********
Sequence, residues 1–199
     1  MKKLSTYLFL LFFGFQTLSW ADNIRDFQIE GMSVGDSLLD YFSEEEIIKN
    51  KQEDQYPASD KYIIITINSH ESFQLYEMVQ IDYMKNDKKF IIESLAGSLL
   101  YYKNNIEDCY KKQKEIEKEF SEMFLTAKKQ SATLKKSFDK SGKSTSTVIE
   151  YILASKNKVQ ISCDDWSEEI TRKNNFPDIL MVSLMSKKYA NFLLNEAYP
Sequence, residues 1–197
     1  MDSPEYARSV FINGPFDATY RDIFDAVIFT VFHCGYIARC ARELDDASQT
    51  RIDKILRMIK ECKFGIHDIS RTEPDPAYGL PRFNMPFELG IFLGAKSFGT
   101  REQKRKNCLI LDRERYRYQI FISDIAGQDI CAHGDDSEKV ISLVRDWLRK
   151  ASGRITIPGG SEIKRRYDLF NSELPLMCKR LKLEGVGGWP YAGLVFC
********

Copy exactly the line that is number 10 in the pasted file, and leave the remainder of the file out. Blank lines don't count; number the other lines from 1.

   151  ASGRITIPGG SEIKRRYDLF NSELPLMCKR LKLEGVGGWP YAGLVFC